USA Swimming’s List of Banned Members Brings Confusion

As USA Swimming is dealing with the fallout from the recycling story of decades-old sexual abuse coverups, the public list of banned individuals – one of the positive outcomes of the 20/20 exposée in 2010, has been confusing, to say the least, over the last month.

3 members were added to the banned list in January of 2018 – all were coaches, and all had committed sexually-related crimes that are being investigated or adjudicated by legal authorities. One, Nathan Weddle, was arrested in December on allegations that he had sex with a 15-year old swimmer that he coached. The other two, James Cutrone and Christian Valcarce, were arrested on charges of child pornography.

And yet, none of the 3 were listed as having been banned for sexual charges.

All 3 were banned under two types of code of conduct violations: those related to drugs, and a vague, if not redundant, “Violation of the SafeSport Code.” None of the reasons listed on the public ban listed their sexual crimes, thus diminishing the list’s value to other non-USA Swimming organizations that might attempt to hire the 3 individuals.

We asked USA Swimming about the discrepancy between the criminal charges and the listed reasons for ban a week ago and received a brief response from USA Swimming’s new senior communications director Isabelle McLemore saying that the “SafeSport team was looking into it.” On that same day, the USA Swimming SafeSport Director Susan Woessner resigned, and the list still does not reflect any of the 3 coaches’ sexual-related criminal charges.

That doesn’t mean the list didn’t change. To the contrary – one of the 3 banned coaches, Nathan Weddle, was removed from the list, sometime after February 22nd and before February 27th. On February 27th, we reached out to McLemore again to ask why he was removed, and received no response.

On Thursday morning, however, Weddle’s name re-appeared on the public list, but this time with only 1 reason for his ban (down from the previous listed 3): a “Violation of the SafeSport Code.” There is now no mention of drug or sexually-based offenses, or any specific offenses.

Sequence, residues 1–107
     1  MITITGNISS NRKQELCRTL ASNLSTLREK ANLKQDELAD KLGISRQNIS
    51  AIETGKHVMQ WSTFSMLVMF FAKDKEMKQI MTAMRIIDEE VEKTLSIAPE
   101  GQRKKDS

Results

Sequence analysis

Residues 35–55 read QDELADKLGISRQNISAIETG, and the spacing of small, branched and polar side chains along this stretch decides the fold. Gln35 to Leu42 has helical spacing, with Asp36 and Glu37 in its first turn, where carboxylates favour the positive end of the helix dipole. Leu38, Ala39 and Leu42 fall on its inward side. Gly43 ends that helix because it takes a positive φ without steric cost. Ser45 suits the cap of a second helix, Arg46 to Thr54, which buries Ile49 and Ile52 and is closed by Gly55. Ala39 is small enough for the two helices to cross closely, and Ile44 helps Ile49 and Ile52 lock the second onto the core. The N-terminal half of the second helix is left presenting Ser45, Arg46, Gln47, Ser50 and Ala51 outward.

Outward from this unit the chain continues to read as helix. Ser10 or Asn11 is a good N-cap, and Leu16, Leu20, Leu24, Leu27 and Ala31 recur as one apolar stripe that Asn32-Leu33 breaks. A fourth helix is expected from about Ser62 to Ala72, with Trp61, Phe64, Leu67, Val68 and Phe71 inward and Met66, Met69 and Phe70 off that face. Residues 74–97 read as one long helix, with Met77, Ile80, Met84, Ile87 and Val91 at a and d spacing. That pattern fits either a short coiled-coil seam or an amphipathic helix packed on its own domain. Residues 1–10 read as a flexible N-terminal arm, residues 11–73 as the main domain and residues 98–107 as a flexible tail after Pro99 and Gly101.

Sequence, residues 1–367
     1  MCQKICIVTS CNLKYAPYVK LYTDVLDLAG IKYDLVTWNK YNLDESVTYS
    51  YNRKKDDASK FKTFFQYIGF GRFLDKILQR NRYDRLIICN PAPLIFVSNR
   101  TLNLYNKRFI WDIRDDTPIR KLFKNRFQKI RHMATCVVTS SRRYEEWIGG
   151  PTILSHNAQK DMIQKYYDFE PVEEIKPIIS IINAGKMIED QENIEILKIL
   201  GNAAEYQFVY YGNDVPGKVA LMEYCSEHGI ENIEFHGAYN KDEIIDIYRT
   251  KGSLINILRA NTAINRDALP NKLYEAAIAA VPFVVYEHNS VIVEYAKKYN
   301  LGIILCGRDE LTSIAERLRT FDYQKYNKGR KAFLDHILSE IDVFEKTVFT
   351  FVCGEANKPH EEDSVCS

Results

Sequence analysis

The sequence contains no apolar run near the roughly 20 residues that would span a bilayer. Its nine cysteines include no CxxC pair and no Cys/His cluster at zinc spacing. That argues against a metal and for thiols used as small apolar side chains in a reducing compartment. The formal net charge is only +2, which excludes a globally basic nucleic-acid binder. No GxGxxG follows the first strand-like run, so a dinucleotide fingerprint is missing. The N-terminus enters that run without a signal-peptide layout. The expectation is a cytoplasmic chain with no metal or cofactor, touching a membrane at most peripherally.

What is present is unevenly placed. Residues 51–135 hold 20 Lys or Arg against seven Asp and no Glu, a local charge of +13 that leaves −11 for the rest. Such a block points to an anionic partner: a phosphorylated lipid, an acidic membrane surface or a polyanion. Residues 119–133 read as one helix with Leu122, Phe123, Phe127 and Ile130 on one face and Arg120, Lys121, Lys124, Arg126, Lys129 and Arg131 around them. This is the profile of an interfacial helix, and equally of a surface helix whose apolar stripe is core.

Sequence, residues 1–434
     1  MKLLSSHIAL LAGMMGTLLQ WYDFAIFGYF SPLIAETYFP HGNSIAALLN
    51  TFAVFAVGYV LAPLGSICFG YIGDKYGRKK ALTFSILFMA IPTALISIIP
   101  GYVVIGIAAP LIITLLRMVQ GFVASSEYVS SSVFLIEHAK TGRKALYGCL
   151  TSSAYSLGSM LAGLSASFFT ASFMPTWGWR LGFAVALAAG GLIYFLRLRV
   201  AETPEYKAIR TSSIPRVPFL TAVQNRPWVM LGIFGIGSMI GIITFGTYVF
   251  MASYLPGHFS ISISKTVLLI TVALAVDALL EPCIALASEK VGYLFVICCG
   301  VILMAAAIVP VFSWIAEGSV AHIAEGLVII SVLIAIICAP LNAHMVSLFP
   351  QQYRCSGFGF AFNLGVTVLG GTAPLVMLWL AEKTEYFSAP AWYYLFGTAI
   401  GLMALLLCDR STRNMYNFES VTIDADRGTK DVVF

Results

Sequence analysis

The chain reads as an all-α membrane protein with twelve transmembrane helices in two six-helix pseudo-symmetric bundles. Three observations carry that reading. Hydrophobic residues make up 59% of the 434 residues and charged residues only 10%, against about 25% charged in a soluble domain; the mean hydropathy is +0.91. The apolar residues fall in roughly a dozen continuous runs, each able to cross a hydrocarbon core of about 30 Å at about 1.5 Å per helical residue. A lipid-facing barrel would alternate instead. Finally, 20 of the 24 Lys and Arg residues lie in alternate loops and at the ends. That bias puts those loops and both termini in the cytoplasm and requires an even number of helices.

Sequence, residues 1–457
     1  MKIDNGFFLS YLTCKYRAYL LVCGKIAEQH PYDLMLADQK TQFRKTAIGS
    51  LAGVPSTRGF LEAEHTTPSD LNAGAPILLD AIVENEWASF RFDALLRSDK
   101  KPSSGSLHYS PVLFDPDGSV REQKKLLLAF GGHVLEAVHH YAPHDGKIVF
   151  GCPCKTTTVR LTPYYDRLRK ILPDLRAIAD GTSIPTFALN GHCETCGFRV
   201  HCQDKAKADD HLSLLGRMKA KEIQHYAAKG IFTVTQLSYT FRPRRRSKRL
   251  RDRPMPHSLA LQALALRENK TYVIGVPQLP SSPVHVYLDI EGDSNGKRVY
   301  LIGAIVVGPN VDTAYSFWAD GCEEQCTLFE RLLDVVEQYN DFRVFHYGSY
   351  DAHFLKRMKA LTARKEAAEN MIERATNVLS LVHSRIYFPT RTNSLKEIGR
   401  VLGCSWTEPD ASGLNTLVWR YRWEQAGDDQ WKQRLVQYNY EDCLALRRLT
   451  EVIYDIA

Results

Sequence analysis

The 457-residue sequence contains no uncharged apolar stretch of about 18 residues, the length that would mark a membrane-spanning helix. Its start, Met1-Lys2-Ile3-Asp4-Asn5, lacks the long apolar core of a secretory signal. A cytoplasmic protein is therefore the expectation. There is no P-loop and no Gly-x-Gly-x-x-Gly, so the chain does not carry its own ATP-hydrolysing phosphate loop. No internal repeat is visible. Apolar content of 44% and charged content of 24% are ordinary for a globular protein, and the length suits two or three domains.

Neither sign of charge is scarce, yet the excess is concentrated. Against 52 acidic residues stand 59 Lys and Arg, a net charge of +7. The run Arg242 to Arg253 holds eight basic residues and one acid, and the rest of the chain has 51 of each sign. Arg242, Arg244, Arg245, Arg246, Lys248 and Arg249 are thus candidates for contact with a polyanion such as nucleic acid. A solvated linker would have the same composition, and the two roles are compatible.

USA Swimming didn’t acknowledge the latest changes by adjusting the “UPDATED” date tracked at the top of the site, which still lists February 26th in spite of Weddle being added back after that date.

Also on Thursday morning, SwimSwam followed-up, again to silence, to ask about the latest development. On the latest communication, we included other members of the USA Swimming staff, including the SafeSport email address and CEO Tim Hinchey, but still have not received a response as of posting.

We will update our readers if USA Swimming responds to explain the misalignment of information.


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Sounds to me like a lot of people should be fired. Probably investigated too for attempting to cover things up.


And we need to get these pedophiles OUT of children’s sports!

Brian M

I would venture to guess that it has something to do with the fact that they have not been convicted yet. Dirtbags or not, there has to be due-process. Violation of the safe sport code is probably serving as a catch all to have them banned immediately.


I appreciate Swim Swam reporting these ongoing issues. If Swim Swam knows how the swimming community can apply more pressure to USA Swimming for change please provide input. I gave USA Swimming the following input:

I believe Safe Sport must be an independent organization without any connection to USA Swimming. I would be happy if part of my annual dues to USA Swimming went directly to an independent Safe Sport group which aggressively protected children – not USA Swimming executives, clubs, or coaches.

Swim dad

Breaking of safe sport , if the funds going to it were overseen by a 3rd party, and if safe sport was given carte blanche to perform investigations (limited to safe sport related mission) makes a ton of sense.

About Braden Keith

Braden Keith

Braden Keith is the Editor-in-Chief and a co-founder of He first got his feet wet by building The Swimmers' Circle beginning in January 2010, and now comes to SwimSwam to use that experience and help build a new leader in the sport of swimming. Aside from his life on the InterWet, …

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